• According Hiscox, a Bermuda-based insurance provider, cyber losses rose nearly sixfold worldwide over the past 12 months. Its recently released “Cyber Readiness Report 2020” pins the total cyber losses among affected firms at $1.8 billion — up a sobering 50% from the previous year’s total of $1.2 billion. Overall, more than 6% of the respondents in the report paid a ransom, and their collective losses totaled $381 million.
  • Cybercriminals demanded ransoms from roughly 17% of the companies they attacked, and caused dire financial consequences for the targets. The highest loss from ransom was more than $50 million for one unfortunate organization.

*Source 

WEEK OF OCTOBER 06, 2020

IT guy whose job was to stop ex-staff running amok on the network is jailed for running amok on the network

  • After he was demoted and fired, idiot logged into office PC from home and wiped storage systems.

  • On the day he was terminated, Stafford didn’t return his work-issued MacBook Pro, went home, and that evening used the laptop and his home internet connection to repeatedly attempt to log into the company’s network using his credentials and those of a former colleague.

  • A couple of days later, in the early hours, he managed to get into his office PC remotely using the coworker’s details. From there he was able to “delete all of the file storage drives used by the Washington office, then changed the password to access the storage management system.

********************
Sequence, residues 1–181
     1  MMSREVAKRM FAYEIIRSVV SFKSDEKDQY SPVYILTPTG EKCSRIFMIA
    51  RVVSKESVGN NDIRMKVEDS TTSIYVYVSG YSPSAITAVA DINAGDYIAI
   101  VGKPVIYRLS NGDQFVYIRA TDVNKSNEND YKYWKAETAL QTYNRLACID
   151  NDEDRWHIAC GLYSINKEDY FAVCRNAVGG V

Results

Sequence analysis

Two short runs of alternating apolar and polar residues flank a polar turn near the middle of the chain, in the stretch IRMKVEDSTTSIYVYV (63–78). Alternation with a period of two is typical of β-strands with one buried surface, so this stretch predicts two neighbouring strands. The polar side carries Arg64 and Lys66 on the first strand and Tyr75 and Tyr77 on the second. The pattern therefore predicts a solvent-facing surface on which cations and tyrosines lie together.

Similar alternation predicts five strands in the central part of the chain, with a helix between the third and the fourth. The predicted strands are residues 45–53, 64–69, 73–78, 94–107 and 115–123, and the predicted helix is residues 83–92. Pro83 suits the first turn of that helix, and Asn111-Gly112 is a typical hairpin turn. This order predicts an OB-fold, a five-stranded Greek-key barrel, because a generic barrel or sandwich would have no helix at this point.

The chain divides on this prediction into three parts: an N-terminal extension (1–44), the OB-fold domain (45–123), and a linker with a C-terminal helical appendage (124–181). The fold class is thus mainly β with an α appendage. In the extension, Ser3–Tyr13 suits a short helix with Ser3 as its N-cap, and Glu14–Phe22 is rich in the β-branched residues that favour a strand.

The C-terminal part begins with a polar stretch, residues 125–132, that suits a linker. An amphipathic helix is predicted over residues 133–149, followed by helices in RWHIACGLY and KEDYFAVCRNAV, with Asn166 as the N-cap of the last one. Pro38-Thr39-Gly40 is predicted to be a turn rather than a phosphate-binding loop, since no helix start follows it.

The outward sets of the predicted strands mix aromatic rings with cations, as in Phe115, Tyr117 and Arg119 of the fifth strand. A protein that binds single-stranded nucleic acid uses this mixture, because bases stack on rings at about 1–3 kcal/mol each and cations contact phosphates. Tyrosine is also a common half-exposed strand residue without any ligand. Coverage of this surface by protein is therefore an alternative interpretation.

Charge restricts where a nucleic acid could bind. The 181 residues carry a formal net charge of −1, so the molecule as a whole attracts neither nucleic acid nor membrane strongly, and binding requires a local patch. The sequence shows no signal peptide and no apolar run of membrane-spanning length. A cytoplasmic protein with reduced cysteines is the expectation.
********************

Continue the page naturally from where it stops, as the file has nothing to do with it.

*Source 

An unspecified US government agency was hacked by a miscreant who appears to have made off with archives of information.

  • Hacker had set up shop on network using stolen Office 365 accounts.
  • Armed with those stolen Office 365 credentials, the attacker logged into one of the agency’s O365 accounts, made a beeline for a SharePoint server, and browsed its pages and downloaded a file. Shortly after, the intruder connected to the unnamed agency’s VPN, presumably using information gleaned so far from snooping around.
  • Next, the miscreant enumerated the network using standard Windows command-line tools, connected to an external virtual server via SMB, and then, using their administrator credentials, sought to gain a persistent presence on the network.

*Source

85% of COVID-19 tracking apps leak data

  • 71% of healthcare and medical apps have at least one serious vulnerability that could lead to a breach of medical data, according to Intertrust.
  • The report investigated 100 publicly available global mobile healthcare apps across a range of categories—including telehealth, medical device, health commerce, and COVID-tracking—to uncover the most critical mHealth app threats.